Don’t bring the company mobile and don’t read work-related emails. Take a real vacation and let your brain do something completely different.
Instead, spend some time doing new things you’ve wanted to try for a long time but haven’t had time for. Go rollerskating, windsurfing, fishing or whatever strikes your fancy. Can I suggest swing dancing? It’s amazing!
Or maybe just kick off your shoes and go lie in a hammock. Stare out at the water. Have days with no plans and time for reflection.
4: Close your email inbox completely
If you have some vacation time coming up, and if you’re like most people, you will put up an autoreply email just before you leave, saying that you’re gone, when you’ll be back and who to contact if it’s urgent.
I have talked to many people who mention both of these as a source of stress and I’ve just seen too many parents on family vacations handling work emails on their phone/laptop by the pool, when they should’ve been playing with their kids.
Fortunately, there’s an alternative: Close your inbox while you’re away. This may seem like a weird idea but some workplaces are already doing it. Here’s how you can close your inbox completely on your vacation.
I’m taking all of July off and I will be doing exactly that.
For crying out loud: Take your vacation time and make it a good one.
We are really excited for our next Chief Happiness Officer Academy this month. 25 participants from 16 countries are coming to Copenhagen to learn all the theory and practice of creating happy workplaces.
How to Measure Happiness At Work - Free webinar - YouTube
Most companies conduct regular job satisfaction surveys, but they often don’t work very well and fail to deliver tangible improvements to employees’ perception of their workplace. This leads to increased unhappiness among employees and from there to lower productivity and higher employee turnover.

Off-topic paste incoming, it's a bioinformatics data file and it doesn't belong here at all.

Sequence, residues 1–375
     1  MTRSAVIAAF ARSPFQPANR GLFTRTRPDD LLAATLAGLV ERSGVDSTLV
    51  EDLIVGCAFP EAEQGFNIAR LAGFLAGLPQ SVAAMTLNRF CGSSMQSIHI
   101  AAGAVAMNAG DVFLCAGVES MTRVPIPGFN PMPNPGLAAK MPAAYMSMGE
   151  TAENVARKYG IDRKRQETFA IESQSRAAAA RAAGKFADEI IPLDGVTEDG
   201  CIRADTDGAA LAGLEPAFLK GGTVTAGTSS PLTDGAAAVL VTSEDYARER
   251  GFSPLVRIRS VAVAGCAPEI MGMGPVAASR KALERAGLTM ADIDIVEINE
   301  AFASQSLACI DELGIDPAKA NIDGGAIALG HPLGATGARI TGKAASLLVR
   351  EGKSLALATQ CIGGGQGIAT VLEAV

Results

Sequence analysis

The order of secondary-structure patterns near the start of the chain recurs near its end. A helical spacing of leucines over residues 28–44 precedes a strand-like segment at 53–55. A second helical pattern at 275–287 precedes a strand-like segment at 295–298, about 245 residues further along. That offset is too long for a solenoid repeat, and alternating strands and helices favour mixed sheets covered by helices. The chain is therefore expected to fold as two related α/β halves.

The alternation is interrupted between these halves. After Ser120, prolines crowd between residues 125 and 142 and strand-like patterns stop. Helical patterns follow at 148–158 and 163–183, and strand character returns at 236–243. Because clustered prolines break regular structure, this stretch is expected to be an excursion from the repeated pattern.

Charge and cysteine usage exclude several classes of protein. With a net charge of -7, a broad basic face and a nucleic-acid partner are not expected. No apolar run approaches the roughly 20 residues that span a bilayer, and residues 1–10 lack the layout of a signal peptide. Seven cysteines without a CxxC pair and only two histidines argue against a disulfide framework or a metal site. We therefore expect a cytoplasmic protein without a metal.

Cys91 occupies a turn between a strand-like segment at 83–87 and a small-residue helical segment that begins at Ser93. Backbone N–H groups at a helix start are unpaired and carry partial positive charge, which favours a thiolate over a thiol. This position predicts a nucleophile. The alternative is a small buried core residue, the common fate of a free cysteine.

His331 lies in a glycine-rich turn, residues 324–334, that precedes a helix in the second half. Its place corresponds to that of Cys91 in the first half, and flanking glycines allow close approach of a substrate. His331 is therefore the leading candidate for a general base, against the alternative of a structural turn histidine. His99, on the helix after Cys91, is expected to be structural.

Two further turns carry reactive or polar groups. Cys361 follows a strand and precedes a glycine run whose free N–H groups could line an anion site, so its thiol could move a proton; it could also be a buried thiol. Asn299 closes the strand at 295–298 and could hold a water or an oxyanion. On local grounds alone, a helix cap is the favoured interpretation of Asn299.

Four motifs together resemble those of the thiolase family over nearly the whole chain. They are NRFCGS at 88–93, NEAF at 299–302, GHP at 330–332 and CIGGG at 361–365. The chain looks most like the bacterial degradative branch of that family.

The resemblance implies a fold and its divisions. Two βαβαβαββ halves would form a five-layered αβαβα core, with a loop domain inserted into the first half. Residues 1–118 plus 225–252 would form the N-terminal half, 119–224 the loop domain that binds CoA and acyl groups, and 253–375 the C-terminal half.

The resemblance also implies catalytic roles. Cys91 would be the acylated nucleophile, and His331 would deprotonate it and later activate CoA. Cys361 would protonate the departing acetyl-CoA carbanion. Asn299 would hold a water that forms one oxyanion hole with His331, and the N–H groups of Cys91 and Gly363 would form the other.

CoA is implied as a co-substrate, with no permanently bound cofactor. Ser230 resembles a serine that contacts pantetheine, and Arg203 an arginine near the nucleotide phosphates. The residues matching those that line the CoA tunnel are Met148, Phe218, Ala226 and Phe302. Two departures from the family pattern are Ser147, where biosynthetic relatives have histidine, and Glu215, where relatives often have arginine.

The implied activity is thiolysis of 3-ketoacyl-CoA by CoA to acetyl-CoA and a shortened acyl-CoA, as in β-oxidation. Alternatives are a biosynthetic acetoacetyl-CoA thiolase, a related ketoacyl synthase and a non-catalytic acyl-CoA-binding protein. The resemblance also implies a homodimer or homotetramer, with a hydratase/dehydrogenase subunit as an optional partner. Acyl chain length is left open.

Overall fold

In this video we cover:
Why you absolutely should measure happiness at work
Why traditional job satisfaction surveys often fail
Better ways to measure happiness at work – ie. more often, more relevant and more valuable
Share specific experiences from a company that tried it
A very brief introduction to Heartcount – a unique new tool for measuring happiness at work
Last week I did a workshop on “Leading With Happiness” for all the managers at an IKEA warehouse in Copenhagen and I have to say that it was an absolute pleasure. Like any other company, IKEA is facing many challenges and changes but this international group of 40 managers were clearly completely on board with the whole idea of happiness at work.
And while I was there, I stumbled on their wall of win – an entire wall of positive customer feedback, naming specific IKEA employees who’ve gone above and beyond.
What a simple but great way to celebrate your employees’ good work.
In dancing – just as in business – there are leaders and followers. But if you think this means that “The leader always leads and the follower does what they’re told” then you’re very wrong.
Miranda van Wonterghem is an international swing dance teacher and in this amazing talk from our International Conference On Happiness at Work, she revealed the three main things business leaders should learn from dancers to create happier and more effective leadership – AND demonstrated it with dancing.